Miss Navajo 2017-2018, Office of Miss Navajo Nation
workshop as well! My moccasins were an inch too long due to wear and tear (probably from the rainy and muddy days) and the wrappings were hanging by a tread! With help from former NCAPer and awesome workshop leader, Sam, the repair (surgery) was successful! I cut half an inch off the sole and restitched the back half. The stitching naturally came back to me and it was like I never stopped making moccasins. This experience helped to jump start my critical thinking about the holistic components of moccasin making - so that's what I have for you today!
crucial so that your moccasins seems don't have scalloped, wavy edges. This spacing is created through your diligent perception. So take time to rest your eyes. It pays of in the end. Your posture is also something that you have to pay attention to. Much like weaving, if your posture is poor, that laziness reflects in your work and back pain. Now mind you, this is just with the assemblage process. If you hunt, butcher and tan for your own buckskin - that's going to add a whole list of other physical demands as well.
Sam Slater also explained this connection between identity and moccasin making rather pointedly after the UNM workshop: "My identity as an individual is so tied to this art, it was such a humbling experience to teach it once again. Over four days of sharing and living moccasin stories, I know each of these participants all have their own moccasin story to tell, a story they stitched themselves". In short, as my yáázh Wilson Aronilth says, if you do not know who you are, you can never truly be happy. Knowing you are a moccasin maker for cultural artisans like Sam brings happiness and grounding in our Diné cultural identity.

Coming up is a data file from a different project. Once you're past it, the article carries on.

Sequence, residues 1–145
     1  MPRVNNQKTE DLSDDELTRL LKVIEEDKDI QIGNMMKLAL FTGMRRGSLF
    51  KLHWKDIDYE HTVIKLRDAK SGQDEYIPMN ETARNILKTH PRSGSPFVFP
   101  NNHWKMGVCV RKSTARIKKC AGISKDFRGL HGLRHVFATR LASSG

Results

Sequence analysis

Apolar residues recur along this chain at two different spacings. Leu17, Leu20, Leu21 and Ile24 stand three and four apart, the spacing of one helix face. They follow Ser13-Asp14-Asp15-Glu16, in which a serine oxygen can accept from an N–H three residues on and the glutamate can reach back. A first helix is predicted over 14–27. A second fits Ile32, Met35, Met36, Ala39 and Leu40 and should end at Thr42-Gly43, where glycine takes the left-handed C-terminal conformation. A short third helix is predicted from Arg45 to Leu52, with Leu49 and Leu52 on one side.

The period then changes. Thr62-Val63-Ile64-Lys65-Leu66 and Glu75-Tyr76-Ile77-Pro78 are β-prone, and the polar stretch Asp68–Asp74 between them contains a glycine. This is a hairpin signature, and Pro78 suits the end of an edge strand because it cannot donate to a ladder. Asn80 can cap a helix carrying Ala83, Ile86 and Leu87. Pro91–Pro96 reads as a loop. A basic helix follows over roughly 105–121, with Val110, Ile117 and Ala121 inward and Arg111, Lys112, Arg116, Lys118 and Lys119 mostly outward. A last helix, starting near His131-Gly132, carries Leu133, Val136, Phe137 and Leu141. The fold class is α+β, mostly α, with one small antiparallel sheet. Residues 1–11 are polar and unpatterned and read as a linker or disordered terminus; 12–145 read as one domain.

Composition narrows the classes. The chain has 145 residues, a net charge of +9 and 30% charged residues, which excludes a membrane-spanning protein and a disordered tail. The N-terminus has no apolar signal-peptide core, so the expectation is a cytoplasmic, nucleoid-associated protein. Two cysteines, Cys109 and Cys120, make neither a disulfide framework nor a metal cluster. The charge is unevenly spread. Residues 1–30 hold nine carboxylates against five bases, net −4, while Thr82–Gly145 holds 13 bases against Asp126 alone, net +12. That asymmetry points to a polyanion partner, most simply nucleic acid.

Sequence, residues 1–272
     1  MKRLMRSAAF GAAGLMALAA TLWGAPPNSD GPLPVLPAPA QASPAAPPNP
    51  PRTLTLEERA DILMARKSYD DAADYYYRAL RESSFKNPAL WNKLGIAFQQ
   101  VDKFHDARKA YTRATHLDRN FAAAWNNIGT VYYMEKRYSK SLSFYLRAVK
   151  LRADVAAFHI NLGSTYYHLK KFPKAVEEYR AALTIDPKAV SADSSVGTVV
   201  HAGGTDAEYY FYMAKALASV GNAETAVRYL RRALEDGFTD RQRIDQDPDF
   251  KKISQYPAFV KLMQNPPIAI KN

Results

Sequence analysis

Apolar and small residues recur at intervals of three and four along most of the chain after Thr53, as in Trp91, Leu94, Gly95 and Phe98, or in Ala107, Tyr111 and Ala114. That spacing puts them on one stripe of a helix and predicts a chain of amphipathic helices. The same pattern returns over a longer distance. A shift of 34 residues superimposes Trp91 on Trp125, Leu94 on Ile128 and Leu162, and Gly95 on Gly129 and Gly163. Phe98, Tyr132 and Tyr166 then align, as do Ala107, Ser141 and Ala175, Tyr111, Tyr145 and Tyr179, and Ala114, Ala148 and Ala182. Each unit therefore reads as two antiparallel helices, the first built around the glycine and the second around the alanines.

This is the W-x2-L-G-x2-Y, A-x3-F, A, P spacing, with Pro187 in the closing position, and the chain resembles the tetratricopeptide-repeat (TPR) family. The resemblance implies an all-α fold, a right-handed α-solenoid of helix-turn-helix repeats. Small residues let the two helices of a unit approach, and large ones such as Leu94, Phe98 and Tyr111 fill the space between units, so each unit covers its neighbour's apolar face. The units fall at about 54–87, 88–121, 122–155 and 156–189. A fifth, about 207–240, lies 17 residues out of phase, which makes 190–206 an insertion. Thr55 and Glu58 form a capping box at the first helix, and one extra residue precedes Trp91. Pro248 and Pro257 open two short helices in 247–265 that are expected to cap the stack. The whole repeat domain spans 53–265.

of critical consciousness for your students, but often feel you’re missing the tools. These sacred shoes of survival are those tools. That’s all I have to say now, that these kélchí and their beautiful makers are such powerful tools for our people. I’m grateful for all they continue to teach me." In my opinion - becoming a moccasin maker is like getting your Ph.D. is Critical Theory and Application.
those who are no longer with us. It is in this way that moccasin making comfortably connects Sam and I. My aunt was known for making moccasins with a unique double stitch. Sam found out about this stitch from his NCAC Moccasin Instructor, Harry Walters, and started to experiment on his own. The double stitch calms the scallops of the sole and as Sam worked on mastering this stitch, in a way he smoothed my soul, pushing memories of my bizhi to the forefront. It must be a Round Rock thing!